Typically charming excerpts read: “Boy when you sell out, you really sell out don’t you? ” and “All of the cow flatulence in the world can’t equal the effect of the odiferous steam rising from the pile of bull— that you lay down.” Most were copied from a Web page quoting the UN and the National Academy of Science, the Pew Center and the Union of Concerned Scientists on the “consensus” that “global warming is a scientific reality”. The writers seemed unaware that Crichton, Stossel and everybody else accept warming as fact; the issue is how much of it is human in origin, and whether huge sacrifices to curb the human portion are needed.

Stossel detects decidedly left wing interests in the concerns of the Concerned Scientists, which rather misleadingly demands no particular degree or experience to join, he points out. He replies to the chief concern of the critics, that scientists and other skeptics on global warming are paid by the energy industry which uses fossil fuels—true in some cases—by saying it is “nowhere near as ‘generous’ as the millions the scaremongers collect…. Suggesting corruption is just another smear.”

He goes on to point out that the Web page involved is “Media Matters for America” run by the David Brock who oddly enough in a previous, right- leaning life wrote “The Real Anita Hill.” About that time Newsweek was writing a piece titled “The Cooling World” and predicting a drop in food output by 1985 as temperatures dropped. “Just 30 years ago, scaremongers were telling us about global cooling. The alarmists never stop.”

If Stossel is correct, then, in scientific matters the left is driven by fear and smear, and the right by facts. This is not a happy situation, given the world as it is, growing more complex and changing by the week. Policy makers need to have the best information on what prospects we face, for there are huge economic choices to be made. What do we really have to sacrifice to save the world in respect to the environment, or to AIDS? Maybe it is less than we think.

Certainly, liberal leaders should be as concerned as the right to have their scientific “facts” (claims) doublechecked. In the case of AIDS, if the HIV critics are correct and the paradigm is nonsense, every million sent to sub Saharan Africa will help kill rather than cure Africans of what ails them.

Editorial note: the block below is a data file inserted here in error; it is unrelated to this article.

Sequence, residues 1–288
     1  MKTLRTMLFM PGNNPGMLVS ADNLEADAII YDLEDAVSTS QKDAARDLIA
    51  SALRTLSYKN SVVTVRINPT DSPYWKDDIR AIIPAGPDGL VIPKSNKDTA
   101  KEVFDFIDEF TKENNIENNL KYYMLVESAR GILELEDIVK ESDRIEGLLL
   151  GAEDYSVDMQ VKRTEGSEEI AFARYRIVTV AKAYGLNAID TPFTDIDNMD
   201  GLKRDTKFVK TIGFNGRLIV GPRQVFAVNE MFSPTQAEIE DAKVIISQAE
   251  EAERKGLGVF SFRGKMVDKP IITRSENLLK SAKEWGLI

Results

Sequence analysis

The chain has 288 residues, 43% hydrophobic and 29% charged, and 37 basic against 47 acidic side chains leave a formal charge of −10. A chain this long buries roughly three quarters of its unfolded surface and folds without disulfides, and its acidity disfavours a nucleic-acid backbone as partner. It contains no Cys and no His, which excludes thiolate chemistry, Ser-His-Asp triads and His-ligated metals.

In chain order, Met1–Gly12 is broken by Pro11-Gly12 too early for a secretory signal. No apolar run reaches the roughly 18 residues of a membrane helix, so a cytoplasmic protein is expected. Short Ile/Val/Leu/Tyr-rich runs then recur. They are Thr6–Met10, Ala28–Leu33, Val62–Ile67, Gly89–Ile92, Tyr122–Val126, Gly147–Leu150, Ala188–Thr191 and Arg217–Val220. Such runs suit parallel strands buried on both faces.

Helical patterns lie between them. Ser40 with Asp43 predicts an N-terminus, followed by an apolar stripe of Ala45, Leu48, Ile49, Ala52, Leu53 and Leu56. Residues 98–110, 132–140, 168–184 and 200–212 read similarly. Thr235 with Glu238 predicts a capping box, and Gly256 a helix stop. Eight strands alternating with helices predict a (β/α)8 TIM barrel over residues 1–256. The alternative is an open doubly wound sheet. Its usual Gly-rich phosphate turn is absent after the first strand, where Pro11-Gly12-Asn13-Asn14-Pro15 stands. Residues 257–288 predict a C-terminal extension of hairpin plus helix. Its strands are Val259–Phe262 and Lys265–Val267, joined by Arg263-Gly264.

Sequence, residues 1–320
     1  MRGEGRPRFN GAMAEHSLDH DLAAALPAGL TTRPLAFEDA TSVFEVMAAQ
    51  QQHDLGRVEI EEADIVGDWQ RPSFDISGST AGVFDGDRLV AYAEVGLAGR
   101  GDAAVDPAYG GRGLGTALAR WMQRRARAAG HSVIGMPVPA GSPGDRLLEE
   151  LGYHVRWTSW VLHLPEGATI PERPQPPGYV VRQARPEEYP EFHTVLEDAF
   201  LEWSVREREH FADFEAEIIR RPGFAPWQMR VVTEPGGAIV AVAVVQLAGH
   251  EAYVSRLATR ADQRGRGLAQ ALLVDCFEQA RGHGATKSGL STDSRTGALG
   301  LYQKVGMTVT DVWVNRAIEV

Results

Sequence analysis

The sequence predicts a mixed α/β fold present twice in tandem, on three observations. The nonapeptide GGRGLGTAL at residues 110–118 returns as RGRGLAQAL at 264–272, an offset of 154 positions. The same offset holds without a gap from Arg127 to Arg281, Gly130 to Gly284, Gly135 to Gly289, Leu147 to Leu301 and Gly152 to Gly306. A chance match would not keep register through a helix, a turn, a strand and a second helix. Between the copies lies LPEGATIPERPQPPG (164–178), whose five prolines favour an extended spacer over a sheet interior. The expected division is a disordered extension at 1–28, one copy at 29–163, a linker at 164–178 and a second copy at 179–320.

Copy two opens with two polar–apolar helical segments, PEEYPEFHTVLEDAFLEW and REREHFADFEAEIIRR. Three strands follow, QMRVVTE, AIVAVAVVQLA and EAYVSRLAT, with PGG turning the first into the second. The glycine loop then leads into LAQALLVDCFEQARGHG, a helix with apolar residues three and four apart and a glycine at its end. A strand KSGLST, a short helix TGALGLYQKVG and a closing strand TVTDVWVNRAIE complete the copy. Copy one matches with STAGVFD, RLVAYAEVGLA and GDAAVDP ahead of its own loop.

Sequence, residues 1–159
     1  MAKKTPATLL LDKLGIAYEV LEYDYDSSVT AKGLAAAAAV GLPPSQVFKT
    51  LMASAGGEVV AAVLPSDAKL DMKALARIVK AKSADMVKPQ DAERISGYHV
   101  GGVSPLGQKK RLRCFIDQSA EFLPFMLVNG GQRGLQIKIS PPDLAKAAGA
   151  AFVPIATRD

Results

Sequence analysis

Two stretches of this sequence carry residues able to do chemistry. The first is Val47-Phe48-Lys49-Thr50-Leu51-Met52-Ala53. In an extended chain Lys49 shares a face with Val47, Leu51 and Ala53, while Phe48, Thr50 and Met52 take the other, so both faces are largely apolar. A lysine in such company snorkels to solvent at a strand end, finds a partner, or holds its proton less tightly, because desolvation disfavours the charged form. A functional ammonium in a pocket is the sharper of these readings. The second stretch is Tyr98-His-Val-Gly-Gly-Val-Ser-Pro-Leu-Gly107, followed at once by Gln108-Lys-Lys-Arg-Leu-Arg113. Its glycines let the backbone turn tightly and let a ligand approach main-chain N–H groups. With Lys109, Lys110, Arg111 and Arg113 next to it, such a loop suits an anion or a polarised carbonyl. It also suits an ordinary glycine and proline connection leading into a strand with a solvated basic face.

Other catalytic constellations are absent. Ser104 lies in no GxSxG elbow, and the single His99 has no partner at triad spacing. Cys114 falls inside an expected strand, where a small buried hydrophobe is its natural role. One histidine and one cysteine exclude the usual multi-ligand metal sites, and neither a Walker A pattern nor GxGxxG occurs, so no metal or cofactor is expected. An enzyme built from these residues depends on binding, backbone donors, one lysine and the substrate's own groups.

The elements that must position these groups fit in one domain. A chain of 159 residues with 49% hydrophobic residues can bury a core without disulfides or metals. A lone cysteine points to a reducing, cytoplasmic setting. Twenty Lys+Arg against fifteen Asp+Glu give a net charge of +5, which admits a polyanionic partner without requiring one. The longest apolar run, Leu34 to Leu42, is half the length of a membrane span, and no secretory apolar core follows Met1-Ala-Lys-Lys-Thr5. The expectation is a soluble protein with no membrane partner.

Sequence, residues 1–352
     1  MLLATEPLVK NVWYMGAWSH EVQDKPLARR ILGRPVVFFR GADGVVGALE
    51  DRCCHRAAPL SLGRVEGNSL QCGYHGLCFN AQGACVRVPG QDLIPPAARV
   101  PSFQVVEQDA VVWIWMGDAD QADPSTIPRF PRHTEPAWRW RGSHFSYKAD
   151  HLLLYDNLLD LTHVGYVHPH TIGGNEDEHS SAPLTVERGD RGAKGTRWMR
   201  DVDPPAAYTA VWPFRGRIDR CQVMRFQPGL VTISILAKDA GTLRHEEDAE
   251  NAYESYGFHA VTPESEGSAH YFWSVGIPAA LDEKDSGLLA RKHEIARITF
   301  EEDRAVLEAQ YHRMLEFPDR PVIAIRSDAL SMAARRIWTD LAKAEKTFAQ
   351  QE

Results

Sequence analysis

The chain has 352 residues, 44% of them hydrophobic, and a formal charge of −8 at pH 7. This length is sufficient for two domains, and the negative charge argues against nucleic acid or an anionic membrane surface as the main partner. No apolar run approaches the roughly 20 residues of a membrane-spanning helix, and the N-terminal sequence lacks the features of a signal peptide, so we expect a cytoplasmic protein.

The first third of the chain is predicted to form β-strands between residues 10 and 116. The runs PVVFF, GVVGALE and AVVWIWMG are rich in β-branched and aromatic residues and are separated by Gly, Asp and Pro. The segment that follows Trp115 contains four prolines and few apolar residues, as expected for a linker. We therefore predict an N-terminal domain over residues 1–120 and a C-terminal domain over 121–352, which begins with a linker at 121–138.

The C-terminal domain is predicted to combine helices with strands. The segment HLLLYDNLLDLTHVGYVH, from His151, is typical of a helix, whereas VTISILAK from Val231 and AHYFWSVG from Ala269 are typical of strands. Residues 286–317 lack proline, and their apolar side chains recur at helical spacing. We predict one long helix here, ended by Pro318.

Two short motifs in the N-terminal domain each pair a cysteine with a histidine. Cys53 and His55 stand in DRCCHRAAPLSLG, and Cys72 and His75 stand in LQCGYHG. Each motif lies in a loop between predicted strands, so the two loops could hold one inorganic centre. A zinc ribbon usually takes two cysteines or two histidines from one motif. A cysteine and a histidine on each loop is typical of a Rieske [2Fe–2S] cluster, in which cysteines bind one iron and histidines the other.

It is time for the left to engage science. If liberals continue to make fools of themselves by leaving science to the scientists, and relinquish realistic thinking to the right, what kind of world do they expect to end up with?

8 Responses to “Science bamboozles the left”

  1. Darin Brown Says:

    Well, I’m an unapologetic leftist and liberal, and I know exactly what you’re talking about. All I can say is, I make up my own mind about things and refuse to let myself get bullied by the guilt trips and harangues of the left on certain issues. The fact is, the left can be just as closed-minded and witless as the right at times. But once you’ve stood up to them once and you realise that you can stay true to your political *and* scientific values without compromising either, then it’s easier the next time.

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  2. Eugene Weixel Says:

    I count myself firmly on the left but I heartily agree that “our side” is more prone to being bamboolzed and flim flammed by “official science” as opposed to being interested in science.

    “Official science” is often corrupt and resistant to change and growth.

    Also there is a strong nihilist anti-development and anti-growth trend that is accepted as being on the left that truly is not leftist, and not progressive.

    I am one of those heretics who think that the world is not overcrowded with “too many people” and that the earth is not “supposed to be” a museum of pre-human existence.

    Perhaps HIV causes AIDS, but it doesn’t seem to have been proven.

  3. Truthseeker Says:

    “Perhaps HIV causes AIDS, but it doesn’t seem to have been proven.”